China freezes out Tencent, Toutiao apps as online content crackdown widens

Toutiao appears to be worst-affected this time with a 3-week restriction on its news app of the same name


BEIJING • China has ordered one of the country’s fastest growing Internet start-ups, Beijing Bytedance Technology Co, to shut a popular joke-sharing app and delete its WeChat social media account, part of a resurgent effort to clean up online content.

Beijing’s latest campaign to sterilise the Internet began on Monday when it demanded a halt to downloads of a quartet of news apps run by Bytedance — known commonly by its main app, Toutiao — and Tencent Holdings Ltd, among others. Then came an order to shut Toutiao’s “Neihan Duanzi”, a service through which users share often ribald jokes, videos and comedic skits.

That was the second time in as many days that regulators have gone after products made by Toutiao, one of the world’s largest media start-ups with a valuation of over US$20 billion (RM77.49 billion) and hundreds of millions of users.

Yesterday, the company’s music-themed video platform Douyin was also reportedly ordered to suspend livestreaming functions. A search through the Android and iPhone versions of the app, popular among teens, called up only pre-recorded clips.

Beijing periodically goes after media companies, seeking to purge social and Internet platforms of government criticism and risque content.

But Toutiao appears to be the worst-affected this time round, drawing a three-week restriction on its bread-and-butter news app of the same name, local media reported.

Users trying to download Toutiao’s main offering from smartphone maker Xiaomi’s store get a message declaring the title under revision. Apps belonging to Tencent, NetEase Inc and Phoenix News were also hit by shorter download bans, local media reported.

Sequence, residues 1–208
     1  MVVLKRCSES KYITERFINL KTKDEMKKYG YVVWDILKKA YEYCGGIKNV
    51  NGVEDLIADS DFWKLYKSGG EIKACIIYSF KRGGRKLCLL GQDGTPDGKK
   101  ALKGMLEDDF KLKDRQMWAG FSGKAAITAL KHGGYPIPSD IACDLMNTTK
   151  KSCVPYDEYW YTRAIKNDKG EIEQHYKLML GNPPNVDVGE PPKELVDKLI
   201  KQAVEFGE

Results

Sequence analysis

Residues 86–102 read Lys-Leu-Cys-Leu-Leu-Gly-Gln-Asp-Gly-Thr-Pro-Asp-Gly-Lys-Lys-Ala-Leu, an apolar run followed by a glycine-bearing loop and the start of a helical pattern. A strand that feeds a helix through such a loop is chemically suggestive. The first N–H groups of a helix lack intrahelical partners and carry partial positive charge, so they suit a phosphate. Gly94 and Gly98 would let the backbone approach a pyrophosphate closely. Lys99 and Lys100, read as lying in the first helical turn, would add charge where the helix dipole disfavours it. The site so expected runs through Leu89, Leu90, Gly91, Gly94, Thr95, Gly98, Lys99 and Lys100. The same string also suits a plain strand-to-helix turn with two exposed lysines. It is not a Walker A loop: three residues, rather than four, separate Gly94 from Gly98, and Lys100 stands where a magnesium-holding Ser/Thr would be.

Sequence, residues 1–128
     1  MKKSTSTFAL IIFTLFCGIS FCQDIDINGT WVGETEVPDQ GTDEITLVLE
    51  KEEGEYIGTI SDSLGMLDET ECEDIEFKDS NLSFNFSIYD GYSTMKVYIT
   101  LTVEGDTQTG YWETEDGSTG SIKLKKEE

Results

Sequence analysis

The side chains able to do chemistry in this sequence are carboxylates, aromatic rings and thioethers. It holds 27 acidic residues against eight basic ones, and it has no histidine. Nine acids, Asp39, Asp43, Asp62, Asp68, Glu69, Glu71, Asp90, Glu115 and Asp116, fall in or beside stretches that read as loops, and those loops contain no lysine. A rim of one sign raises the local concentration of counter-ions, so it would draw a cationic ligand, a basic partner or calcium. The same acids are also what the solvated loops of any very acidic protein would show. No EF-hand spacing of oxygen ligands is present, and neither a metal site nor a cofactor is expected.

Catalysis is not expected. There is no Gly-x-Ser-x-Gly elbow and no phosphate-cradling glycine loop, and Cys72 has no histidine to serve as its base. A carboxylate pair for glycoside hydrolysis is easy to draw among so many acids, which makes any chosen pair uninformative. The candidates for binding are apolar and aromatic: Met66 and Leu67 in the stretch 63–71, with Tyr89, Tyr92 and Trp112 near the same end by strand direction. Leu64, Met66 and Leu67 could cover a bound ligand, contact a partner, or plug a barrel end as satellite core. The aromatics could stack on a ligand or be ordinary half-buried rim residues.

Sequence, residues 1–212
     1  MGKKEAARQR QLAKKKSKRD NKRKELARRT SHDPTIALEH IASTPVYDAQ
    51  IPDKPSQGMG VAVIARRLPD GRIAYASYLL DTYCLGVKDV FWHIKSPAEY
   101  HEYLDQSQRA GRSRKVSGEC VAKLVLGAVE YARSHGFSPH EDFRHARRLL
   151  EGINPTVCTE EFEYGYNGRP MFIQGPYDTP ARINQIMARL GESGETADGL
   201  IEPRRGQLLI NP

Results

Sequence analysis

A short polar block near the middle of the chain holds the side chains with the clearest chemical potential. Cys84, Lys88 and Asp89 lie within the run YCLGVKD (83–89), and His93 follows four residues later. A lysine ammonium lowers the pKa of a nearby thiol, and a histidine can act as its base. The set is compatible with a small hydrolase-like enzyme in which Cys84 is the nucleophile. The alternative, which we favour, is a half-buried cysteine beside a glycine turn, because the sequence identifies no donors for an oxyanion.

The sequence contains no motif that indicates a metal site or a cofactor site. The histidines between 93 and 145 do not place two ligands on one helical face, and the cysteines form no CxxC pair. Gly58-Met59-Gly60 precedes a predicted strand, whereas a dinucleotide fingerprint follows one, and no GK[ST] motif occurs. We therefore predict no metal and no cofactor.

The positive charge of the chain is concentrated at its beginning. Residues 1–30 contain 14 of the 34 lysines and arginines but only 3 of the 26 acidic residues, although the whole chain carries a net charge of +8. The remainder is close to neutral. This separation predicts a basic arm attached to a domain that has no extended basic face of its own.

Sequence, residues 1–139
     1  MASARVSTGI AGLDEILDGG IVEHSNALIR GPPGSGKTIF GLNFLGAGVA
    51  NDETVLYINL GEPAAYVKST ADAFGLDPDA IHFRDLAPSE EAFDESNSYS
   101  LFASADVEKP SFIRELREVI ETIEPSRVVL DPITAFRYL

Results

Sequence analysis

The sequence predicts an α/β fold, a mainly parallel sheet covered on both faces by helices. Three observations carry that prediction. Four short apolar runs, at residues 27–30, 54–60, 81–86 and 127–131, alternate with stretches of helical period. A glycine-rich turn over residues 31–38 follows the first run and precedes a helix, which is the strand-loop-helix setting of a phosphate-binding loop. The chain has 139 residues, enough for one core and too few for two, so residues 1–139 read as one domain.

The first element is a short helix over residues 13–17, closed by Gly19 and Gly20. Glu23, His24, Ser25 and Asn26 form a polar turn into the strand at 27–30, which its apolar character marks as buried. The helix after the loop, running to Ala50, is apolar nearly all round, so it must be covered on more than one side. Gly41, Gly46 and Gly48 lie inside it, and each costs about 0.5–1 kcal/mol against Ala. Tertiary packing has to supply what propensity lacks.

Yesterday, Toutiao CEO Zhang Yiming issued a lengthy apology to the government via a post on the company’s official WeChat account.

He pledged to increase the number of staff dedicated to clearing banned content from 6,000 to 10,000, while creating a blacklist of banned users and developing better technology to boost censorship.

“We didn’t realise that technology has to be guided by the core values of socialism so it can be used to spread positive energy, meet the requirements of the times and respect public order and good customs,” he said in his post.

Zhang was responding in part to the State Administration of Radio and Television, which on Tuesday issued a statement accusing “Neihan Duanzi” of hosting vulgar content that “triggered strong resentment from Internet users”.

The app’s cult popularity, however, ensured an outpouring of grief and anger online. With its WeChat account shut by Tuesday, former users turned to Toutiao’s inactive Weibo account to vent. By yesterday, there were more than 10,000 fresh replies to a yearold post, from photos of funeral settings featuring framed copies of the company logo to selfies of crying men.

“I think it might be a potential threat to the society or the country, that Neihan Duanzi attracted more users and was gaining a greater rallying ability,” raged one user with the handle “Changed my name for a dog I raised”.

Toutiao has traditionally steered clear of trouble by republishing news from other outlets and encouraging users to create content. It uses artificial intelligence to track the interests and behaviour of viewers, serving up tailored content on a massive scale.

But in recent months, its core services have drawn scrutiny from Chinese authorities seeking to cut down on content deemed too vulgar or untrue.

“I’m a fully-grown man and I want to cry a little having used Duanzi for three years — every day when I’m on the toilet, can’t sleep or when I’m bored,” said one user named “money, fame, women”. “When I was most sad and most lost, it was you who made me laugh. Goodbye!”